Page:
Facebook in your 40s?

The median age of a Facebook user is 26. I am 41—and yet I’m getting peer pressure to join Facebook. Even though the over-30 crowd is the fastest growing demographic among Facebook’s more than 150 million users, I’m hesitant to join.

The Pew Internet and American Life Project released a report last week on adult use of online social network sites like Facebook. Pew found that the share of adult Internet users (”online adults”) who have a profile on a social network site has more than quadrupled in the past four years—from 8% in 2005 to 35% now. Thirty percent of online adults aged 35-44, and 19% of online adults aged 45-54, have a profile on a social network site. According to the study, most adults use online social networks to connect with people they already know.

But why do you need Facebook to do that? What’s wrong with e-mail or even the phone (although I admit to not being a phone person)? An article in Time about Facebook referred to a 39-year-old single mother of two who “stays logged on to Facebook all day at work, and then spends an hour or two, or lately three, at night checking in with old acquaintances, swapping photos with close friends, instant messaging those who fall somewhere in between.” If someone can find time for Facebook, can’t they type a few lines in an e-mail?

Stories like this, from the Time article, reinforce some of my doubts:

“Jenny has not returned my calls in roughly a year. She has, however, sent me a poinsettia, poked me, and placed a gift beneath my Christmas tree. She’s done all this virtually, courtesy of Facebook.com, the online social networking site where users create profiles, gather ‘friends,’ and join common interest groups, not to mention send digital gifts. Though Jenny has three children, ages 4 to 14, and rarely finds time for visits, phone calls or even e-mail, the full-time mom in upstate New York regularly updates her status on Facebook (’Jenny is fixing a birthday dinner,’ ‘Jenny took the kids sledding’) and uploads photos (her son in the school play). After 24 years, our friendship is now filtered through Facebook, relegated to the online world. Call it Facebook Recluse Syndrome, and Jenny is far from the site’s only social hermit.”

I need more from my friendships than digital bouquets and updates of mundane daily tasks. Not much more but more. And I don’t really see the point in the one-sentence updates. In a recent article in Forbes, a 40-something discussed the different perspectives younger and “older” users have about Facebook. He wondered if posting on his Facebook page is truly an invitation for his friends to respond, or if he has “succumbed to the tedious, excessively revelatory ways of modern American society, which assumes that every ounce of everyone’s life constitutes a narrative-in-waiting, a parable, a morality tale—which assumes, in fact, that nothing is ever banal.”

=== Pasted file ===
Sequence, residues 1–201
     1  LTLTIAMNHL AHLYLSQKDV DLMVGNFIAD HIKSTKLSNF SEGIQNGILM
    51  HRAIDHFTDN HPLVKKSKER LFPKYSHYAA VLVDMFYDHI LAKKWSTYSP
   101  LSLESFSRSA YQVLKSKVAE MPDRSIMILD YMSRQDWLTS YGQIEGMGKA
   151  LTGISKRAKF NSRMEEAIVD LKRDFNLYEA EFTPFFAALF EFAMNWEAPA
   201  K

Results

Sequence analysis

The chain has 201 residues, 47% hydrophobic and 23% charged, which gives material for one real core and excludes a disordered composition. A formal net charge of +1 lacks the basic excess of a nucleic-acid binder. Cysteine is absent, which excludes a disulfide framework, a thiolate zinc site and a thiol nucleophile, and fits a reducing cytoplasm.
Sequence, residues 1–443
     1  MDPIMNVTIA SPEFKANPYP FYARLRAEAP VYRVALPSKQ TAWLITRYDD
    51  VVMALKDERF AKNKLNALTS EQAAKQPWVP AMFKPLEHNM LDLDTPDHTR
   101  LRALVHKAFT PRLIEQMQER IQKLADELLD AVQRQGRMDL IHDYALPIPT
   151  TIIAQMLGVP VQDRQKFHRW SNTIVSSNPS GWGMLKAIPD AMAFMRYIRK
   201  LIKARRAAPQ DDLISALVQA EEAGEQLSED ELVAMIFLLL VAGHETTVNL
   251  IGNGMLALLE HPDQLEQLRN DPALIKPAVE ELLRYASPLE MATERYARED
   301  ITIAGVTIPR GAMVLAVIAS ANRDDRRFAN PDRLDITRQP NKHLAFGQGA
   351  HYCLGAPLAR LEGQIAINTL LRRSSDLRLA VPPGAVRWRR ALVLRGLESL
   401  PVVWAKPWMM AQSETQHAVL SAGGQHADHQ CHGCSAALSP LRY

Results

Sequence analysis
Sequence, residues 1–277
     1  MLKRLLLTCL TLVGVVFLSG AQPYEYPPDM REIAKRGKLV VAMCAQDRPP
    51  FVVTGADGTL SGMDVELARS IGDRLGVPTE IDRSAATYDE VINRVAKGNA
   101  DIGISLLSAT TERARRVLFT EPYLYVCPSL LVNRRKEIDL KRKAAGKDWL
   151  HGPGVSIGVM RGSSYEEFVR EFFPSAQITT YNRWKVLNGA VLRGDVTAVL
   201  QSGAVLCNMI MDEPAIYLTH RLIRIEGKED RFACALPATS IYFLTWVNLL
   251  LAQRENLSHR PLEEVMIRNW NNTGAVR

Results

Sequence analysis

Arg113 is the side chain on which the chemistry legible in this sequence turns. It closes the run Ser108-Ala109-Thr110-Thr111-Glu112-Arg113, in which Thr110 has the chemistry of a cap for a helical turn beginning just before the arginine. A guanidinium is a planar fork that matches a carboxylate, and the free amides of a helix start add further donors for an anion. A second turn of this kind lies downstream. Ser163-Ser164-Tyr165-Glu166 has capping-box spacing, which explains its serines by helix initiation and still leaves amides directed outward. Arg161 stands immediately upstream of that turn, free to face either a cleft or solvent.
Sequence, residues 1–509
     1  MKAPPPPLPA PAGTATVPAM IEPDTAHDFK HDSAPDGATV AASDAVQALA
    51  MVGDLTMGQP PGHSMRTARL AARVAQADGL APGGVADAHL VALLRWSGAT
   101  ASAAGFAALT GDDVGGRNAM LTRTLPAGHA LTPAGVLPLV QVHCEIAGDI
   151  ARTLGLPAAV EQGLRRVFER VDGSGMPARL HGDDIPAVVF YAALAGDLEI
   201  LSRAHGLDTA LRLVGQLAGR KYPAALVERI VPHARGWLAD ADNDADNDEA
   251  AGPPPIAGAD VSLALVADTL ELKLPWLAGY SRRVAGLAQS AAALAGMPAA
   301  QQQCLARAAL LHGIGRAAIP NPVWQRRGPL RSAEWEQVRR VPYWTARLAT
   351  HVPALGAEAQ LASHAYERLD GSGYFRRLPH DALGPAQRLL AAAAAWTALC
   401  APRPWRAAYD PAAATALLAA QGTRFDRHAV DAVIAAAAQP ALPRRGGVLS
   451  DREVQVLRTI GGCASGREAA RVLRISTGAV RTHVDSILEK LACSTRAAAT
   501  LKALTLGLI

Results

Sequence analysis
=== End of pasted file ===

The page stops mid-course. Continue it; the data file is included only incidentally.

The 39-year-old single mother in the Time article explained that “It makes you feel like you’re part of something even if you’re neglecting people in the flesh” It strikes me as a little warped to admittedly neglect people in the flesh while finding hours to spend on Facebook, but I’m not a single mom of two and don’t have nearly as much to juggle. In fact, that woman says Facebook has made her already-close friends—whom she has little time to see—closer. “I know more about them now than I did when I was in regular contact with them,” she says. To her, Facebook is “a beautiful blossoming garden of information about your friends.”

I guess I can see the value, and fun, in that, but some friendships are closer than others. I wouldn’t want Facebook to take the place of my existing communications with my closest friends. When you’re talking about a 24-year relationship, I don’t think a friendship that exists only “filtered through Facebook” is much of a friendship at all.

That said, I’m flying from LAX to Newark next week to visit a friend of 20+ years who happens to be an avid Facebook fan—and I have a feeling I’ll be returning home as a Facebook member.

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